Anahoplites

From Wikipedia, the free encyclopedia
Jump to: navigation, search
Anahoplites
Temporal range: Albian[1]
Scientific classification
Kingdom: Animalia
Phylum: Mollusca
Class: Cephalopoda
Subclass: Ammonoidea
Order: Ammonitida
Superfamily: Hoplitaceae
Family: Hoplitidae
Subfamily: Anahoplitinae
Genus: Anahoplites
Hyatt, 1900
Species
  • see text

Anahoplites is a genus of rather involute, compressed hoplitid ammonites with flat sides, narrow flat or grooved venters, and flexious ribs or striae arising from weak umbilicle tubercles that end in fine dense ventrolateral nodes. The elements of their sutures are short, wide and jaggedy. Specimens of Annahoplites have diameters typically in the range of 4–6 centimetres (1.6–2.4 in) although some with diameters of as much as 19 centimetres (7.5 in) have been reported. The genus lived during the Cretaceous, from the Middle to the late Albian.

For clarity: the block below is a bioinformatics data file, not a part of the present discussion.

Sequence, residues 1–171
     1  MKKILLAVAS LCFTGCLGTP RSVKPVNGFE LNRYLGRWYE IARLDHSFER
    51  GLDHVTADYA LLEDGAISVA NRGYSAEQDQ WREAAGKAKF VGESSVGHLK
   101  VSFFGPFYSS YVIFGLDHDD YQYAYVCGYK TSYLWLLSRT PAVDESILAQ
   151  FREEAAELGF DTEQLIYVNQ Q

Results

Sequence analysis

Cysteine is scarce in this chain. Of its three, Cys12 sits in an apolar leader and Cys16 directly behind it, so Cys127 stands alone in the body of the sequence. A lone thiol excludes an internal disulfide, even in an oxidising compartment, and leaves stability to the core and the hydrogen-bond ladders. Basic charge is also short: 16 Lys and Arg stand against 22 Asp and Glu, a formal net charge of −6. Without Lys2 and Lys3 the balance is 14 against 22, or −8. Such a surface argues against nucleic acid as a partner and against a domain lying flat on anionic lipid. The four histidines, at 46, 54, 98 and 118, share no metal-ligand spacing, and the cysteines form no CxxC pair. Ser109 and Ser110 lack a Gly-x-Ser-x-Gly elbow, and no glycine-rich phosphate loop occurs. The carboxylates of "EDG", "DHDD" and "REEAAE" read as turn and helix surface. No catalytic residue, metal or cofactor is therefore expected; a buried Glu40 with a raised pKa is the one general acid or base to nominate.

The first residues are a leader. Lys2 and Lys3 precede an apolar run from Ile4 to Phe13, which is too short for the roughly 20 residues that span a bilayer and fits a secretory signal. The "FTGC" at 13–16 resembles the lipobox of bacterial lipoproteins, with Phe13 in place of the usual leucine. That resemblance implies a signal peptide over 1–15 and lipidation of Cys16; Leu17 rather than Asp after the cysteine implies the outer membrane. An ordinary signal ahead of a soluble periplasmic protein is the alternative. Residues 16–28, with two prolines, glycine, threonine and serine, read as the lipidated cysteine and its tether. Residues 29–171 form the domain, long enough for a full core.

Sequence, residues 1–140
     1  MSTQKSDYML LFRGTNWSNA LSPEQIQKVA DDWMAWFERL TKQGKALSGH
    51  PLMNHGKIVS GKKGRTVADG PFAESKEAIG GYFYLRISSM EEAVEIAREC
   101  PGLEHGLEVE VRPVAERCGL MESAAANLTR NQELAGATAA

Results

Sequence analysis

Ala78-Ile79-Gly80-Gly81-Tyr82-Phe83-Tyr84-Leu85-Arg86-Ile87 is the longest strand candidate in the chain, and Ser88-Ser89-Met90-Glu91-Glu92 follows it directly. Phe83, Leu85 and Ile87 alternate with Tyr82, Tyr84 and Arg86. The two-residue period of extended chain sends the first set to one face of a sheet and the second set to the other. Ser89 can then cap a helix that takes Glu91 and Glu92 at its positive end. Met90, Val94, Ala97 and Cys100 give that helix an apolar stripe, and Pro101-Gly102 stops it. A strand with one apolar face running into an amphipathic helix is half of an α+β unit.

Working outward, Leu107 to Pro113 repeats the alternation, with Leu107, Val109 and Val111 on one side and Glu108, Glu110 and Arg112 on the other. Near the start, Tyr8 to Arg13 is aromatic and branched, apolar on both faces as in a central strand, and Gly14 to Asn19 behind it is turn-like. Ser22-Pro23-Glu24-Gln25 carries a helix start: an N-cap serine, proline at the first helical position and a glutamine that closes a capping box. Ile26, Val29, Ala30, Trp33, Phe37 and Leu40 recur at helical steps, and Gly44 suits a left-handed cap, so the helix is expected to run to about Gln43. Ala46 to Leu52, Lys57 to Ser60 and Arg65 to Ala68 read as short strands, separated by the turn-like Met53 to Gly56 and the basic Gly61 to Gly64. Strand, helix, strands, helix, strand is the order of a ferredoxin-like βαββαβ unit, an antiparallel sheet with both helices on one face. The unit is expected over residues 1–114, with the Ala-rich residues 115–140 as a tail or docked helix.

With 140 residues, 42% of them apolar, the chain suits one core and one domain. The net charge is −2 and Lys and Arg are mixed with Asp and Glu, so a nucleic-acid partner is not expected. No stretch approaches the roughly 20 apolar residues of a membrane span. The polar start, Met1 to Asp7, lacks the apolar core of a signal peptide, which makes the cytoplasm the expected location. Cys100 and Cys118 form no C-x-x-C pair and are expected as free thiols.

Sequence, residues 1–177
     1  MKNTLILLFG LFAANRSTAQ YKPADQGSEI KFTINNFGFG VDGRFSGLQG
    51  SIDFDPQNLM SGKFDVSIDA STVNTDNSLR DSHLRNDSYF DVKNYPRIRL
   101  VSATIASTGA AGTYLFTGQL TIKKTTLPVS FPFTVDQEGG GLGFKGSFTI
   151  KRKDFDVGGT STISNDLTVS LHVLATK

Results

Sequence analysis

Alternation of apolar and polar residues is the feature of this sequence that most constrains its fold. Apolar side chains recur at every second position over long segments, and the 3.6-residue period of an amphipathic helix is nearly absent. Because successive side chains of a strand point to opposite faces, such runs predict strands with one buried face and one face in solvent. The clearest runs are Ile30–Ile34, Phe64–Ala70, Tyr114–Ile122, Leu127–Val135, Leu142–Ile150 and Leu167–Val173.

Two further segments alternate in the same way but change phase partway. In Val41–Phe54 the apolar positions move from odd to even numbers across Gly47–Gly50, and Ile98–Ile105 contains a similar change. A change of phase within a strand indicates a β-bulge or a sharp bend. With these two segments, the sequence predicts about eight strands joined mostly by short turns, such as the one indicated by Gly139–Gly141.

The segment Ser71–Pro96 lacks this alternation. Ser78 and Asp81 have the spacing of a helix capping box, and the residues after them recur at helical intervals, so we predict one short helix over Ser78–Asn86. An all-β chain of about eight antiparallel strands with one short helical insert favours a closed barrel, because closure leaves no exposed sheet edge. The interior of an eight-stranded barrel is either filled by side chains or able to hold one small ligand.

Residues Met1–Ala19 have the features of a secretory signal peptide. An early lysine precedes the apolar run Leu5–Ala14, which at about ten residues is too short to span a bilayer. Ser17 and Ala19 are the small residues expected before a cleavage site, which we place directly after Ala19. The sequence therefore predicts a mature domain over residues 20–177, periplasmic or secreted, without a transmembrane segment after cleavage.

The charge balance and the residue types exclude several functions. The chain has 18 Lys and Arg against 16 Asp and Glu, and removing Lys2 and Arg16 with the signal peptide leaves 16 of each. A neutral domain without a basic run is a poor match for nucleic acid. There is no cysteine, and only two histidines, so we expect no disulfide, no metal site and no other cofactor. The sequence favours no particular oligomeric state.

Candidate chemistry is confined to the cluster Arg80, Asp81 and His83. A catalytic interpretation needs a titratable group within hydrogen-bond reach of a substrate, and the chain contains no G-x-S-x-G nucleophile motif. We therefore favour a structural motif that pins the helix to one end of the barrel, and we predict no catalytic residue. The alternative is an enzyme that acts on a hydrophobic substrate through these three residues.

Anahoplites is now included in the subfamily Anahoplitinae and separated from the Hoplitinae where it was placed in the older, 1957 edition of the Treatise on Invertebrate Paleontology, Part L (Ammonoidea). Genera of the Hoplitinae tend to be more robust, with broader whorls and stronger ribs.

Annahoplites is found in Europe, from England to the transcaspian region in western Asia.

References[edit]

  1. ^ Sepkoski, Jack (2002). "Sepkoski's Online Genus Database". Retrieved 2014-05-28. 
  • Arkell, W.J.; Kummel, B.; Wright, C.W. (1957). Mesozoic Ammonoidea. Treatise on Invertebrate Paleontology, Part L, Mollusca 4. Lawrence, Kansas: Geological Society of America and University of Kansas Press. 
  • Ryszard Marcinowski and Jost Wiedmann.The Albian Ammonites of Poland. Palaeontologia Polonica no. 50, 1990